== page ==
Ted Sheskin

Establish a Tenure System for Rabbis

In Oct. 2021, the assistant rabbi of Park East Synagogue in Manhattan was abruptly fired after he had served a decade with the Orthodox congregation. Most American rabbis receive multi-year contracts which specify periodic evaluation of the relationship of the rabbi to the congregation, to communal institutions, and to organizations the rabbi serves. In addition, job performance and professional growth are reviewed in accordance with agreed upon standards. In contrast, Israel has 88 municipal chief rabbis who hold their positions for life.

A rabbi is first of all a teacher who deserves the opportunity to earn tenure.

Rabbis complete a course of post-graduate study lasting four to five years in a Jewish theological seminary. The duration and rigor of their post-graduate study is comparable to that of a university professor. Following the model for American universities, we propose that American synagogues should establish a tenure system for rabbis. A newly hired rabbi would have a 6-year probationary period during which to earn tenure. A rabbi denied tenure would be given a terminal contract for a seventh year during which the rabbi would seek another congregation.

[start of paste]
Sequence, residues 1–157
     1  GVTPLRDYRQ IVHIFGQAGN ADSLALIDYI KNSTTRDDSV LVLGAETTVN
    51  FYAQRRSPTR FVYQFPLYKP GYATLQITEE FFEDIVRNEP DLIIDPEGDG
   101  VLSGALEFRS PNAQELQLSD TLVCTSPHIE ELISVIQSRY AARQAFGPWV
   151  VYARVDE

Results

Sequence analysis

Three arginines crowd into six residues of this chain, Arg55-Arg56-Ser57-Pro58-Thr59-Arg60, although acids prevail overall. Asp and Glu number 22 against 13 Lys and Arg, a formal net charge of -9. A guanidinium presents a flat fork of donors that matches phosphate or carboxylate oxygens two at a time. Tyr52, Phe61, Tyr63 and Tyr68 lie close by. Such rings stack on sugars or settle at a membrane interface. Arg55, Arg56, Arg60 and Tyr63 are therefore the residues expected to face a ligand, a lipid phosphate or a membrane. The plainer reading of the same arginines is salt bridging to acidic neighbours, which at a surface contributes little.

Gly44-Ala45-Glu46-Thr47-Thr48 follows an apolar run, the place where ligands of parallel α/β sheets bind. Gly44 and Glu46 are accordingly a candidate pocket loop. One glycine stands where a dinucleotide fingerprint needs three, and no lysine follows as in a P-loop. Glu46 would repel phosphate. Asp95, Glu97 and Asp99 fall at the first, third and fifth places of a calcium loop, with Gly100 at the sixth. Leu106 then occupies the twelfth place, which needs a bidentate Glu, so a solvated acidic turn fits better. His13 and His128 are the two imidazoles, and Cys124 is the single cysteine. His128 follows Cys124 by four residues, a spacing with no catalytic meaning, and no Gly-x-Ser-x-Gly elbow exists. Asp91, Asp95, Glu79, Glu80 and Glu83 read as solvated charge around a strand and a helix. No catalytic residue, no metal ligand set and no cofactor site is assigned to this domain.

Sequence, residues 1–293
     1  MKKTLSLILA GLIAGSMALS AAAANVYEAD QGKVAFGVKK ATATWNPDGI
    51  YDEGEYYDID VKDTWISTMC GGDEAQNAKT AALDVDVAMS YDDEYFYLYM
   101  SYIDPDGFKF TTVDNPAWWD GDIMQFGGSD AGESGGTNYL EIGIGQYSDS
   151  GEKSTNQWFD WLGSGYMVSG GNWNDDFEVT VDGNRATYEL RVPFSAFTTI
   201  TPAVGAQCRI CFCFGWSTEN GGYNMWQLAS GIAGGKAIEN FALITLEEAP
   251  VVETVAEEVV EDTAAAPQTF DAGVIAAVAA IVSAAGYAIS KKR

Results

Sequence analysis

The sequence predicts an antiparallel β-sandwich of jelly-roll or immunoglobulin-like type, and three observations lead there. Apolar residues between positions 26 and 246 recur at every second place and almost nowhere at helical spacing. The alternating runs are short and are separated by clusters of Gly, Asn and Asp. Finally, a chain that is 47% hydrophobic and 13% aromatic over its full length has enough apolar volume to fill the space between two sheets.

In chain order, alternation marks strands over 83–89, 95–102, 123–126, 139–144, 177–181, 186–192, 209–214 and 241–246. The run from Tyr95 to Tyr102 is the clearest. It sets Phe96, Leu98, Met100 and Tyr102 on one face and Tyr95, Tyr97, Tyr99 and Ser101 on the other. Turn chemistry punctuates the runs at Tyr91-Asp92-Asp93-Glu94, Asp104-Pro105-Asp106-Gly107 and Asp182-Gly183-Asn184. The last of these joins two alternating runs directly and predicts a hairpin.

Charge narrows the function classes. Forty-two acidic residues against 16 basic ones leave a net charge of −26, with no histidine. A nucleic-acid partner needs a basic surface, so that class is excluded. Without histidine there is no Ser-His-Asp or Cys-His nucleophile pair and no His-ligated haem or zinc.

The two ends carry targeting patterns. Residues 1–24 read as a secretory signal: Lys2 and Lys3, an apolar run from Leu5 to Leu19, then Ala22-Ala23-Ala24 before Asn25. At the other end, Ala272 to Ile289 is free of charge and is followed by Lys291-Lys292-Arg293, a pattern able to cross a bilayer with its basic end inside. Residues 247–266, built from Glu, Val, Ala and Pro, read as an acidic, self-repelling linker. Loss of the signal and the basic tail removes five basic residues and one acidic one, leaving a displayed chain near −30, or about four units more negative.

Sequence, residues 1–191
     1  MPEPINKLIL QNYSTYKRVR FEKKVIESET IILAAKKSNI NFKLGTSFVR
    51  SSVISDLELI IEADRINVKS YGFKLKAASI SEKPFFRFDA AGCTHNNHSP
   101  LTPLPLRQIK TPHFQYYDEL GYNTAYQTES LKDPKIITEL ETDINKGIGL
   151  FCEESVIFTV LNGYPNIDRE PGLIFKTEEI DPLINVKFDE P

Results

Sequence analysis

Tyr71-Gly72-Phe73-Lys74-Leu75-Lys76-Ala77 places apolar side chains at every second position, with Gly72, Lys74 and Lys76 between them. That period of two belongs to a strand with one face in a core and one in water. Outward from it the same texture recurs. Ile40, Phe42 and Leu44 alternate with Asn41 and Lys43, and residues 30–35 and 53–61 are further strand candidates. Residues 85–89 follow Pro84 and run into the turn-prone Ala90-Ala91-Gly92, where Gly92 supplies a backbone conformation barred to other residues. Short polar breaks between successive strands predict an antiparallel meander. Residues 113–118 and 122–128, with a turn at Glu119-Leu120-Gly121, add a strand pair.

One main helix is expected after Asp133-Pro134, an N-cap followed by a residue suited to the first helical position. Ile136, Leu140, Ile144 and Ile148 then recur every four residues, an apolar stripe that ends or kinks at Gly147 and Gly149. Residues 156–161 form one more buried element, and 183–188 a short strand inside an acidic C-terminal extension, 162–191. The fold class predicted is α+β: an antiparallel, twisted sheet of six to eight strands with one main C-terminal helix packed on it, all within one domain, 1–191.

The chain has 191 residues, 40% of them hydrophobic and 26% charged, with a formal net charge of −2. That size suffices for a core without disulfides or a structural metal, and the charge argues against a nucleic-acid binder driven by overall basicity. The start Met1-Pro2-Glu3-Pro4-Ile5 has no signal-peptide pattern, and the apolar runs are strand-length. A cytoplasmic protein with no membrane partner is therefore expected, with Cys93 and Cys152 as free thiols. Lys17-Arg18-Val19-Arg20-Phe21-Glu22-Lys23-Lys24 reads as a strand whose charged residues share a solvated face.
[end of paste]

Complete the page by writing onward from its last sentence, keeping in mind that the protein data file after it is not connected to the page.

The benefit of tenure to rabbis would be job security. They would have freedom to innovate. Tenured rabbis would establish deep roots in the external community.

Synagogues would benefit from tenure as well. A synagogue offering tenure would have a competitive advantage over rivals without tenure when recruiting rabbinic candidates. Tenure would encourage senior rabbis to mentor junior colleagues without fear of competition for their jobs. Tenure would also strengthen the loyalty of valued rabbis to their synagogues.

Rabbis can negotiate most effectively with synagogues for a tenure system by working together under the leadership of their respective professional societies.

Orthodox rabbis are represented by the Rabbinical Council of America (RCA), Conservative rabbis by the Rabbinical Assembly (RA), and Reform rabbis by the Central Conference of American Rabbis (CCAR).

About the Author
Ted Sheskin is a professor emeritus of industrial engineering at Cleveland State University, and the author of a textbook, Markov Chains and Decision Processes for Engineers and Managers. He has published peer-reviewed papers on engineering systems and mathematical algorithms. His letters to editors addressing politics, economic policy, and issues facing Israel and American Jews have appeared in the NY Times, Daily News, Cleveland Plain Dealer, Cleveland Jewish News, Jewish Week, the Forward, and Jewish Voice.
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